During this time period, European change was much more general than specific to each civilization. While certain inventions and ideas were founded in different countries, they were widely adopted across a variety of European nations. Although, Europe often saw issues between countries that left them more divided between one another than similar.
Religion began to grow and vary across Europe. In 1517, Martin Luther, a German monk, produced his Ninety-five Theses against the Catholic church. Several years later, he founded his own branch of Christianity, Lutheran, the first Protestant denomination. The religion likely wouldn't have become nearly as successful as it did had it not been for the invention of the printing press to quickly spread the ideas of Luther. At the same time, John Calvin created Calvinism. Although it wasn't extremely popular throughout Europe in general, it caught on in parts of France, the Dutch Republic, Scotland, and England. However, Europe was already concerned with King Henry VIII's new church named the Church of England, or Anglican. The Catholic Church quickly responded with reforms in an attempt to bring back converted Christians. This led to the religious wars throughout the 16th and 17th centuries. This religious division created tensions throughout European nations that wanted to have a central religion for the country while still appealing to the people. This ultimately created the Thirty Years' War (1618-1648) in which the Catholics (Spain, Catholic German states, and the Holy Roman Empire) against the Protestants (the Dutch, the Danes, the Swedes, and Protestant German states [France also fought with the Protestants despite being Catholic and England provided aid without sending troops]). The Protestants won and retained the right to practice their religion in their countries.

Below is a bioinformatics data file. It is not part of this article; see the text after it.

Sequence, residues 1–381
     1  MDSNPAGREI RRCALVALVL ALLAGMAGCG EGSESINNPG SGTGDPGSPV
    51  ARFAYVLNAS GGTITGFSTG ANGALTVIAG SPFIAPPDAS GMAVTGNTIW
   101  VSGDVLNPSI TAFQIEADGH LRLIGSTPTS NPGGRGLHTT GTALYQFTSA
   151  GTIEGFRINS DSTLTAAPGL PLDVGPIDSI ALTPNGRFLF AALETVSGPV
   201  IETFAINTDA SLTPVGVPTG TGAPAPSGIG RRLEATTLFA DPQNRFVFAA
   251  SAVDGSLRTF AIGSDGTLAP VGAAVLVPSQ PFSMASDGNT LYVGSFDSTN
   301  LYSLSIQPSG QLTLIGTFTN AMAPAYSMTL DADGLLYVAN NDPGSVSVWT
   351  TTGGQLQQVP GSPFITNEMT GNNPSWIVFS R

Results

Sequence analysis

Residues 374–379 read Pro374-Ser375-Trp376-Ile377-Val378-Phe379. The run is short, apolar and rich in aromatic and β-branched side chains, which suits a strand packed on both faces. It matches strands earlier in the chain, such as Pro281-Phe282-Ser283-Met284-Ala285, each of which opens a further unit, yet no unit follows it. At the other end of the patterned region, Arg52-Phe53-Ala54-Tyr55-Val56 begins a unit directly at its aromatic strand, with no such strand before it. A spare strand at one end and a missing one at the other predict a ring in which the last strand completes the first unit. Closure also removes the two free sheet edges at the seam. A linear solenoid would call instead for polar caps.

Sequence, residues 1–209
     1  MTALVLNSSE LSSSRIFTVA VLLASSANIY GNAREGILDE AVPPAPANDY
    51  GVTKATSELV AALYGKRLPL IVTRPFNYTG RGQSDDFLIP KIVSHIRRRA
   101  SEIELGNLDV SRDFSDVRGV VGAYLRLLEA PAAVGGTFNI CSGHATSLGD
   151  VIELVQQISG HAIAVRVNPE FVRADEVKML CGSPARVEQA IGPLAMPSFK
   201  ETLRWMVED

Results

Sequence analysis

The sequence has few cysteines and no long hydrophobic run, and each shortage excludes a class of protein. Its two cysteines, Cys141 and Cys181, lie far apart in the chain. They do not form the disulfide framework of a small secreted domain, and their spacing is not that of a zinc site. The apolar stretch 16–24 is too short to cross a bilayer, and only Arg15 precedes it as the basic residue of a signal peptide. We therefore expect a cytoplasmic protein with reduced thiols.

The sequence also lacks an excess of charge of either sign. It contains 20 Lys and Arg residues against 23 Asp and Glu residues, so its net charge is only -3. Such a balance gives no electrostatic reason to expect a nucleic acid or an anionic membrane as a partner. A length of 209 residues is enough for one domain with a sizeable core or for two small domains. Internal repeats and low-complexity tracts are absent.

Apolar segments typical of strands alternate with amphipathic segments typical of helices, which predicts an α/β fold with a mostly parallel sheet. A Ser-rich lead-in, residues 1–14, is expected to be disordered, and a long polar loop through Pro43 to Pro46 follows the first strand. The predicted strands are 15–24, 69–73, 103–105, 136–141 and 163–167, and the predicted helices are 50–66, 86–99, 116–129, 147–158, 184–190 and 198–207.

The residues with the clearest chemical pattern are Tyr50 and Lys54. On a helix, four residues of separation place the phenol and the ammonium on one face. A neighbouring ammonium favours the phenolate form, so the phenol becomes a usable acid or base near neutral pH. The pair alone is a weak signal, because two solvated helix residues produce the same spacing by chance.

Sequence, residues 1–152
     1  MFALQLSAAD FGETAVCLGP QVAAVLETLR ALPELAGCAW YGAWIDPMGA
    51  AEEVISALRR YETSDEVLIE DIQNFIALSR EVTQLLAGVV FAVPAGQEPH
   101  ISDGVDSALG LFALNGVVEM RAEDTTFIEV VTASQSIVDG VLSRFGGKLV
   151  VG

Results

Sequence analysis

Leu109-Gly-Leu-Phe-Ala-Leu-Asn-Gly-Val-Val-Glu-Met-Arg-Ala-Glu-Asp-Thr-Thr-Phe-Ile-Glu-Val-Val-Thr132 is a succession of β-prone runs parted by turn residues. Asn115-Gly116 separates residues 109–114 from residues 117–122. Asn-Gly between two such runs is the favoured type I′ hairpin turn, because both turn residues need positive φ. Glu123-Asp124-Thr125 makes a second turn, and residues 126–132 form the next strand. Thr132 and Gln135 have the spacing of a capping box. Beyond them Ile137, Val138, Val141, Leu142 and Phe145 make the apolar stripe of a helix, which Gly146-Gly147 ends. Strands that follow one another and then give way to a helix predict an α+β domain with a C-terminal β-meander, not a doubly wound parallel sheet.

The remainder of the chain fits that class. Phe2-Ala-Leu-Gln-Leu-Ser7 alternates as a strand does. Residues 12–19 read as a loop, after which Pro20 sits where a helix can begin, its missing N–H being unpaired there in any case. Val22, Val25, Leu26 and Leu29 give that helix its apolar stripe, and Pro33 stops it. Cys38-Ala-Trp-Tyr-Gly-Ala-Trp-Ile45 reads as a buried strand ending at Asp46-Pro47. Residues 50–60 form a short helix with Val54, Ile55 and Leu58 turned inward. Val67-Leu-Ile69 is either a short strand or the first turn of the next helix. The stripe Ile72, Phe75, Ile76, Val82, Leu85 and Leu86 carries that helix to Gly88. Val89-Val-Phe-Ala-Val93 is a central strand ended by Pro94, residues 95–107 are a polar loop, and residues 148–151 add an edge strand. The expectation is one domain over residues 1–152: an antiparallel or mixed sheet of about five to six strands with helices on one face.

Science was another huge European change. For starters, Polish astronomer Nicolaus Copernicus proved the heliocentric theory that the earth and other planets revolve around the sun in the mid-1500's. Due to the denial of this by Catholics, it took more than a century before the theory was accepted throughout Europe. This was the spark for the Scientific Revolution. In the 1600's, Galileo confirmed Copernicus's theory. Isaac Newton from England created famous laws of motion and the concept of gravity. States of matter (solid, liquid, gas), concept of cells, idea of the vacuum, and statistics were all thoughts from this time. Inventions include the microscope, the pendulum clock, the barometer, and the thermometer.
During the 1700's, Scientific Revolution ideas challenged the authority and reasoning of the church. This led to the Enlightenment, also referred to as the Age of Reason. This was the first time since ancient Greece that philosophies were commonly discussed throughout Europe. John Locke from England and Voltaire from France were two of the more prominent philosophers. While some philosophers of this time remained Christians, many rejected religion and demanded states ruled by laws and freedoms instead of through tyrannical abuse of power justified by faith. This also created opportunities for women, such as Mary Wollstonecraft from England, author of A Vindication of the Rights of Women, and Catherine the Great in Russia.
Demographics in Europe changed dramatically during this time. The Columbian Exchange with the Americas gave access to new crops throughout Europe. This created a sort of "agricultural revolution" throughout Europe (and even in Asia). The potato revolutionized Europe, causing the population to double and triple across cities. This indirectly fueled the creation of a middle class and prompted urbanization, a trend that would boom after the Industrial Revolution.
Economics saw some changes during this time as well. Mercantilism advised tight control over the economy of colonies. On top of that, Adam Smith, a Scottish economist, is often credited with the idea of capitalism, which encourages free trade and an open market with limited to no government interference. This time was also intertwined with the Atlantic slave trade, sending millions of slaves off to colonies in the Americas (most of the slaves either went to the Caribbeans or Brazil).